As the baby boom generation approaches retirement age, millions of Americans are facing one wrenching question: What to do about Mom and Dad?
The country is approaching a "silver tsunami," as millions of families reach a new stage of life. According to AARP, there are almost 66 million family caregivers in the United States -- nearly 30 percent of the entire U.S. population. Seven out of 10 care for older adults.
This week, "ABC World News with Diane Sawyer" launches a special series, focusing on the sensitive issues surrounding eldercare. As part of the series, Sawyer hosted a roundtable on the subject with Virginia Morris, author of "How to Care for Aging Parents"; businesswoman Martha Stewart, who partnered with Mount Sinai to open an eldercare center in 2007; and noted geriatricians Neil Resnick and Marie A. Bernard.
The group discussed everything from driving to medication to the stress that's placed on caregivers.
Resnick, of the Institute on Aging at the University of Pittsburgh, said the most telling statistic about U.S. caregivers was that they bear more than $200 billion a year in caregiving costs.
Bernard, deputy director of the National Institute on Aging, said that many caregivers had health problems they ignored. She said research showed that after receiving training on their relative's disease, caregivers' pressures and depression tended to decrease.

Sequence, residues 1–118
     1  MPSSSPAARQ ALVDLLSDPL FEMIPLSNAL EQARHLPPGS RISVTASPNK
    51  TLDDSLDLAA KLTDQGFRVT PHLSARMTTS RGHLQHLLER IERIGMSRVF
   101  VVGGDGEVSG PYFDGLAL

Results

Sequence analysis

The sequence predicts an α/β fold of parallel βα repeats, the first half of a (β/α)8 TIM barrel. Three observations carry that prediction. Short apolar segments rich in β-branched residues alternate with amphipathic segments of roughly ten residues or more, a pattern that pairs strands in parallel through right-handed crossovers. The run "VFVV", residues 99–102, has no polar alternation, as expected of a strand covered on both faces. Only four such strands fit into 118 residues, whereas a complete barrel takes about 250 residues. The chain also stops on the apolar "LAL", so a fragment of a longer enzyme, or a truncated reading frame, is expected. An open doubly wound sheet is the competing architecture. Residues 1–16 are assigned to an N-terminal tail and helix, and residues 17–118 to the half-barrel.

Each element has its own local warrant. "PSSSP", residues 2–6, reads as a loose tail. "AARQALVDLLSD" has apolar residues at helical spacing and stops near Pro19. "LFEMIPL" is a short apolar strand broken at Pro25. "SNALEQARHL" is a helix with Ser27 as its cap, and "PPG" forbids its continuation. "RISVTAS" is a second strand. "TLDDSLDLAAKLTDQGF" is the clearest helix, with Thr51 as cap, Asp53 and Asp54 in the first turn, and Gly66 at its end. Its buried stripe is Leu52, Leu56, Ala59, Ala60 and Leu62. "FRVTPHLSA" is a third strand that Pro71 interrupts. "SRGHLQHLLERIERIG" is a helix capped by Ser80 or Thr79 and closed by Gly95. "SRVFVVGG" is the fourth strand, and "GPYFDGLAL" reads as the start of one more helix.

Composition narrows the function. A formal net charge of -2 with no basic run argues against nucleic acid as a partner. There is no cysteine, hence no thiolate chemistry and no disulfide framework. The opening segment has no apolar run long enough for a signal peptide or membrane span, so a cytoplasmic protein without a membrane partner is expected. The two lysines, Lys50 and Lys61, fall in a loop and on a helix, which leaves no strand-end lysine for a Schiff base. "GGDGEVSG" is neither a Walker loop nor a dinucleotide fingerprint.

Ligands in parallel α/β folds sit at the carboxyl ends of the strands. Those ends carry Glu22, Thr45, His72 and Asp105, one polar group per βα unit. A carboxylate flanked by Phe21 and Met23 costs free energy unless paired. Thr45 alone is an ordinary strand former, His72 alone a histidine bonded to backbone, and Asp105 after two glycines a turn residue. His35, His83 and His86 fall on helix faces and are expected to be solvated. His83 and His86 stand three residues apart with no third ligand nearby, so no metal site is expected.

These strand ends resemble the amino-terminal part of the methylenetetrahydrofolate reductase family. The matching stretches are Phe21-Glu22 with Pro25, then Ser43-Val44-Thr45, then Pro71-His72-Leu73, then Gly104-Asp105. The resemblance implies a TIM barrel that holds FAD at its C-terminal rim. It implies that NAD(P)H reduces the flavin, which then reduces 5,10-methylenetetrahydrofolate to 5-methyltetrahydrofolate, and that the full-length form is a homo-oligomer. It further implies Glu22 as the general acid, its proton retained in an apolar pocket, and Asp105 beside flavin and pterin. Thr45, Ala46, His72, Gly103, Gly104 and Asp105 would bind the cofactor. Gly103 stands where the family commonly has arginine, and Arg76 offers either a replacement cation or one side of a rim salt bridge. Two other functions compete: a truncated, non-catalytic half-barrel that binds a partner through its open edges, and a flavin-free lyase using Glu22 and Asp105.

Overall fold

"Much of what caregivers' stress results from is a sense of impotence, in addition to guilt and frustration," Resnick said. "A lot of that impotence is, you look at mom and dad and say, 'You're going downhill and I don't know what to do.'"
But, much of what caregivers interpret as downhill is fixable, he said. "Much of it is due to medications' side effects. ... Diseases undetected. ... Things that haven't been detected but for which steps can still be taken," Resnick said. "When those steps are taken, mom and dad are nowhere near as bad off as they looked a minute ago. They are now much better and the caregiver's stress goes down dramatically."
Watch "Families on the Brink: What to do About Mom & Dad" this week on "ABC World News with Diane Sawyer.
Morris, whose book is considered by many as the bible of elder care, said that caregivers get so focused on "I don't want her to die" that they forget to enjoy life.
"Whether it's having a pet or a garden or a grandchild to talk to -- these little tiny things sometimes can make you feel like you succeeded too," she said.
In 2011, 77 million baby boomers will begin turning 65 in a wave that's been coined "the silver tsunami."
"Who's going to take care of them?" said Stewart, a TV host, author and magazine publisher. She helped open the Martha Stewart Center for Living, which was dedicated to her mother. "We only have about 7,000 or 8,000 geriatricians in America."
She and Resnick said that number was decreasing. Resnick said that less than 3 percent of U.S. physicians received an hour of training in geriatrics. "The nursing assistants who take care of our oldest and frailest, who are in nursing homes, have about the same amount of preparation to do that as a school crossing guard," he said.
"It's not so much about aging and getting sick," Stewart said. "It's about how we are going to cope with getting older and still live, and who's going to teach us how to live a healthier life as we age."